USPS Star Calendar for 13-19 January 6 January 2013

Posted by amedalen in January 2013.
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13 Jan    Magnitude 1.2 Mars is less than 1 fist-width below the thin waxing crescent moon low in the west at dusk. About 5 percent of the moon’s surface is illuminated.

14 Jan   Today is 1 Jan. in the Julian calendar, which was used until 1582 when it was replaced with the Gregorian calendar. This is the first day of the Roman year 2766 AUC. AUC stands for ab urbe condita, which means “from the founding of the city (Rome).”

15 Jan    You will need binoculars to see a group of fourth- and fifth-magnitude stars that forms a pentagon directly above the moon tonight. Part of the constellation Pisces, the stars are within 3 finger-widths of the moon. The brightest, magnitude 3.9 gamma Piscium, is a little more than 1 finger-width to the moon’s upper right.

16 Jan    Pegasus stands to the right of the moon this evening.

18 Jan    The two stars 1 fist-width above the first-quarter moon are magnitude 2.7 Sheratan and magnitude 2.2 Hamal in the constellation Aries, the Ram. Using binoculars, can you spot the fifth-magnitude star just below Sheratan? How about the one to Hamal’s lower right?

USPS Star Calendar for 25 November-1 December 18 November 2012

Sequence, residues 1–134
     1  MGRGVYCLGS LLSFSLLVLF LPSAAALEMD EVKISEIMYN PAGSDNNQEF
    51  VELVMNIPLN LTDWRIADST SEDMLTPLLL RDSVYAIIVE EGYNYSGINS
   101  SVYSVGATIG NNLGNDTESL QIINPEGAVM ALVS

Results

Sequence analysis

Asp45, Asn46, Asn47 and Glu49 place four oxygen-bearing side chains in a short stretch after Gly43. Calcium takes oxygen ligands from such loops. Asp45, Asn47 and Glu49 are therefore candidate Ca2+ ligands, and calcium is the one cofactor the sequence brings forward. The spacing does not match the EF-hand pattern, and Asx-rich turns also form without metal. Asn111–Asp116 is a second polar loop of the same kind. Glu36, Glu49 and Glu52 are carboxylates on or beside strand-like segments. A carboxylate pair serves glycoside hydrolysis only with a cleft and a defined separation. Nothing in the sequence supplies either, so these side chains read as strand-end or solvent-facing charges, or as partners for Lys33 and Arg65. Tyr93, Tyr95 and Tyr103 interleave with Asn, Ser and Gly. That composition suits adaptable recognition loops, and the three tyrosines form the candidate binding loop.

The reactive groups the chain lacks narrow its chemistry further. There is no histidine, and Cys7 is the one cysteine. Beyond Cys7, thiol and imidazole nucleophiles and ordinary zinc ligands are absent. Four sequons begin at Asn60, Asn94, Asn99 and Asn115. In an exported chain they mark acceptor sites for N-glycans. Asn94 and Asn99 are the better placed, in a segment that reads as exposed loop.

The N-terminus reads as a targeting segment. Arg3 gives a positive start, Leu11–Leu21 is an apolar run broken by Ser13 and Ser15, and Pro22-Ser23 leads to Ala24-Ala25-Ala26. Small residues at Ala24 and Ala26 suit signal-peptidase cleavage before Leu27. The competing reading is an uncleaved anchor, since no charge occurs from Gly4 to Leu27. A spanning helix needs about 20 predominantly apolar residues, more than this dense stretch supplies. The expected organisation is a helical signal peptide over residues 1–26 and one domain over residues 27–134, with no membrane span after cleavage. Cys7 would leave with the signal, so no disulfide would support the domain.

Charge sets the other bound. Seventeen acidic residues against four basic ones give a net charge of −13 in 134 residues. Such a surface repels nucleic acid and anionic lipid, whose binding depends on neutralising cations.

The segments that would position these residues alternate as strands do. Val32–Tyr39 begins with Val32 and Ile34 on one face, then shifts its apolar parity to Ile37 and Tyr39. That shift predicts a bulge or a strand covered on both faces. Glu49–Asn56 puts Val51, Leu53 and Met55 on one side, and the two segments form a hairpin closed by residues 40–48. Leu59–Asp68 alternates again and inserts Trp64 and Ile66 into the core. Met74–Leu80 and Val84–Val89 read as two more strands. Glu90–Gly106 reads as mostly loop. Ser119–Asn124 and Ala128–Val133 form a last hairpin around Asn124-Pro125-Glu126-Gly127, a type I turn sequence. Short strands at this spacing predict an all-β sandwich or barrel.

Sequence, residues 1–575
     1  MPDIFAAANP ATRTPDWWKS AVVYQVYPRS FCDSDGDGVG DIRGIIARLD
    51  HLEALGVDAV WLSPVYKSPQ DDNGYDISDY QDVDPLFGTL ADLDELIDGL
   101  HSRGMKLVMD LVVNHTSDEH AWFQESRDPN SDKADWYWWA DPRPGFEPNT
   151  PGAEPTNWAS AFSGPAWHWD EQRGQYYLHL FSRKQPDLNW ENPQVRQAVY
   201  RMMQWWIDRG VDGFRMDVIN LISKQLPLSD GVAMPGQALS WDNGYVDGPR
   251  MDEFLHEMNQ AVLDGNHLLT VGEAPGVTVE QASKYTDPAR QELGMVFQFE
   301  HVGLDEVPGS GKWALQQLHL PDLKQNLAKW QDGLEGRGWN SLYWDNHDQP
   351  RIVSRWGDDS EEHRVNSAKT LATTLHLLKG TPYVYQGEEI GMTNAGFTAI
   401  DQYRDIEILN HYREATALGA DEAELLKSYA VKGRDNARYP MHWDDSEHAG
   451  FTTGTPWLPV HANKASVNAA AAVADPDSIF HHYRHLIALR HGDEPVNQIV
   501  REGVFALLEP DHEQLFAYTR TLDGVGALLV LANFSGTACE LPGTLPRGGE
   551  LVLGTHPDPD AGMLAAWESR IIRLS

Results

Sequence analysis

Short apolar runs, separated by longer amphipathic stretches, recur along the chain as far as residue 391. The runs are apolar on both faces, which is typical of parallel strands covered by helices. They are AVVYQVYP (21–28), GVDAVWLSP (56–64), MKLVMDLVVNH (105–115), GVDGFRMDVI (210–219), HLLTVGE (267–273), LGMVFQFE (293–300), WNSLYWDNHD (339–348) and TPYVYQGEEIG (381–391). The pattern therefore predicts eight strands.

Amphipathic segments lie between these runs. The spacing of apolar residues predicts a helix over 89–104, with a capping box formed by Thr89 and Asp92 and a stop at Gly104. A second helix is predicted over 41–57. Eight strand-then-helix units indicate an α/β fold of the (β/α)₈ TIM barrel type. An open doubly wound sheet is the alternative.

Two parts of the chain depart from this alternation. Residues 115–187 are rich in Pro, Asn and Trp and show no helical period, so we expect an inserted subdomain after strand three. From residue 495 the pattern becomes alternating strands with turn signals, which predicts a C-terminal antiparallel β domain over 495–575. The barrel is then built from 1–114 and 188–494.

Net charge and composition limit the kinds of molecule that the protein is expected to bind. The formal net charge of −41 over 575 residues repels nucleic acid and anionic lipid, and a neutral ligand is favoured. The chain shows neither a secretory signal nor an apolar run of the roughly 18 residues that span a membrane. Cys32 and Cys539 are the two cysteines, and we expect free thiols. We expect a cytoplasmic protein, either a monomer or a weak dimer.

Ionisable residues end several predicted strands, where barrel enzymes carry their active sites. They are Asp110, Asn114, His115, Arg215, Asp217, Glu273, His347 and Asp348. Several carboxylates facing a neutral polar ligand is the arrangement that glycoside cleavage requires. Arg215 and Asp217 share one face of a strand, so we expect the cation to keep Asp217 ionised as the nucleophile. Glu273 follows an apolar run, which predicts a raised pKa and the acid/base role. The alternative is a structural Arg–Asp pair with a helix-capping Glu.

Posted by amedalen in December 2012, November 2012.
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25 Nov    Magnitude 2.2 Hamal, the brightest star in the constellation Aries, the Ram, is 4 finger-widths to the moon’s upper left this evening. The Babylonians, Egyptians, Persians and Greeks all called this group of stars the Ram.

26 Nov    Venus is less than one-half finger-width from Saturn, which is to the lower left this morning and to the upper left tomorrow morning.

27 Nov    The Pleiades Cluster is to the moon’s upper left tonight.

28 Nov    The full moon passes within 0.67 degrees of Jupiter tonight. Aldebaran is 2 finger-widths to the lower right. The moon is at apogee, 63.71 Earth-radii (406,000 kilometers) away.

30 Nov    The moon rises 2 hours after sunset. Look for Betelgeuse 1 fist-width to the right and the Gemini Twins 2 fist-widths to the lower left. Magnitude 1.9 Alhena is almost 2 finger-widths to the lower right.